Music review: Symphony rocks the silver screen
The movie hits just kept on coming.
Old flickering black-and-white silent movies often weren’t really entirely silent. An organist, or in the case of big movie “palaces,” a small orchestra, would play music to set the mood, provide sound effects and create the auditory excitement of going to the movies.
Even when the talkies came onto the scene, film makers still recognized the power of music underscore to make the movie experience even more impactful. On Saturday night at the Duluth Entertainment Convention Center, the Duluth Superior Symphony provided its own brand of movie magic, playing an eclectic mix of medleys from beloved films in its “A Night at the Movies” pops concert.
Opening with the “Sunrise” section of the iconic “Also Sprach Zarathustra,” by Richard Stauss, with the DSSO’s timpani player masterfully meeting the challenge, images of the first scenes from “2001: A Space Odyssey” were evoked without ever showing a single frame of film.
Then the movie hits just kept on coming with the audience members able to play their own version of “Name That Tune,” guessing song titles and humming along.
Big, epic film scores and the legendary musical brilliance of a few of the most famous movie composers were represented, with John Williams’ “Star Wars: Suite for Orchestra” magnificently reminding the audience how important Williams’ music is to the success of the movies.
Williams’ “Harry Potter and the Sorcerer’s Stone” and Howard Shore’s ”The Fellowship of the Ring” scores were played with majesty and reverence by the orchestra, vividly recreating the worlds of wizards, hobbits and other mythical creatures.
On the lighter side, the orchestra was clearly having fun with music from Mel Brooks’ audacious comedy, “The Producers,” including the oompah of “Der Guten Tag Hop-Clop” and the irreverent anthem “Springtime for Hitler.”
Disney music was well represented with a medley from “Mary Poppins,” with a mix of up-tempo pieces such as the bouncy “Supercalifragilisticexpialidocious” to the haunting ballad “Feed the Birds.”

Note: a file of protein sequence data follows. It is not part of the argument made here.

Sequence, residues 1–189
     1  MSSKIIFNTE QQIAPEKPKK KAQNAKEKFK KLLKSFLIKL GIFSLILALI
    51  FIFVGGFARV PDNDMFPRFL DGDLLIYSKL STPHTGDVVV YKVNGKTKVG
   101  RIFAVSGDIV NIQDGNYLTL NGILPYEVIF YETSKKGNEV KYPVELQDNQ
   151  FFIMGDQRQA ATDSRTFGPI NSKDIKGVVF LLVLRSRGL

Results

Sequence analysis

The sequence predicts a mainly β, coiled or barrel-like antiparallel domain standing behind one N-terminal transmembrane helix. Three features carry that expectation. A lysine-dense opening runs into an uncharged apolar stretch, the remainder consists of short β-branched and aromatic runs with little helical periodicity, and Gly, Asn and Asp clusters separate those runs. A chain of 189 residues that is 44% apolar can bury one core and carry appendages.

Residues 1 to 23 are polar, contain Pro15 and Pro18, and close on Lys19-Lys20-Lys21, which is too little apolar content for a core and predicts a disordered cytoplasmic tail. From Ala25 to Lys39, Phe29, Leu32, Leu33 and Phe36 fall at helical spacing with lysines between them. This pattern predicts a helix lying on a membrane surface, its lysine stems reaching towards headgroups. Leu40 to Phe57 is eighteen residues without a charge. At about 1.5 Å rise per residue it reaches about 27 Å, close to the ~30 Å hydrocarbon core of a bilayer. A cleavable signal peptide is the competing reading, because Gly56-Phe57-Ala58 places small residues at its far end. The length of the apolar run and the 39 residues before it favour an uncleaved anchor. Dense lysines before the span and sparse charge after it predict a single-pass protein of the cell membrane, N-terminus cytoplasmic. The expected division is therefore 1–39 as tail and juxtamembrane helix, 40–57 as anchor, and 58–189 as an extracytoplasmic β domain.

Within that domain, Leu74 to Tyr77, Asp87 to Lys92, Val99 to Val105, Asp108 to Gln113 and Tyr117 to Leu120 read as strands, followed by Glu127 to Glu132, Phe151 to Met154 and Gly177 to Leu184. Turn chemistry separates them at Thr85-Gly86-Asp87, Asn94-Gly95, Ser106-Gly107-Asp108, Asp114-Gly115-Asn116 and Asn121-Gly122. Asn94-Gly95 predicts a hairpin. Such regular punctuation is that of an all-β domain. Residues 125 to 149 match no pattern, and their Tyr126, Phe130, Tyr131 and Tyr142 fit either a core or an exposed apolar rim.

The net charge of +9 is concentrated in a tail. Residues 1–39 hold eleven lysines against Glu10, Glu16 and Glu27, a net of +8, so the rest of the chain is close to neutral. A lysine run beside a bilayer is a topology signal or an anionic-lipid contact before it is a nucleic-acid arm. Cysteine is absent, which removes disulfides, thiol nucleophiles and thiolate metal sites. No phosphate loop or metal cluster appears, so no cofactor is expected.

Newer Disney music was also an audience favorite with songs from “Frozen,” including the blockbuster hit single, “Let It Go.”
Film and theater composers Benji Pasek and Justin Paul are the new kids on the block with their Tony and Grammy award-winning “Dear Evan Hansen” on Broadway and their Golden Globe and Oscar-winning score for “La La Land.” Pasek and Paul’s recent “The Greatest Showman” score helped to chronicle the life of legendary showman P.T. Barnum, with the film’s stand-out song “This Is Me” a highlight of the medley.
When it came time to show their rock side, the DSSO’s musicians let their hair down and jammed with abandon to Bee Gees’ hits from “Saturday Night Fever” and songs from the raunchy “Rocky Horror Picture Show,” including the most recognizable “Time Warp.”
Closing the performance with John Barry’s (and other songwriters’ pieces) from the James Bond movies, the different styles of such great songs as “Nobody Does it Better,” “Live and Let Die” and “For Your Eyes Only” were linked with musical bridges from Barry’s distinctive main Bond theme.
The DECC was the hot and hopping place to be on Saturday night with a UMD hockey game, a high school dance and a wedding all happening at the same time. It was in the Auditorium, however, with our treasure of a symphony orchestra at their best, that the walls were really rocking.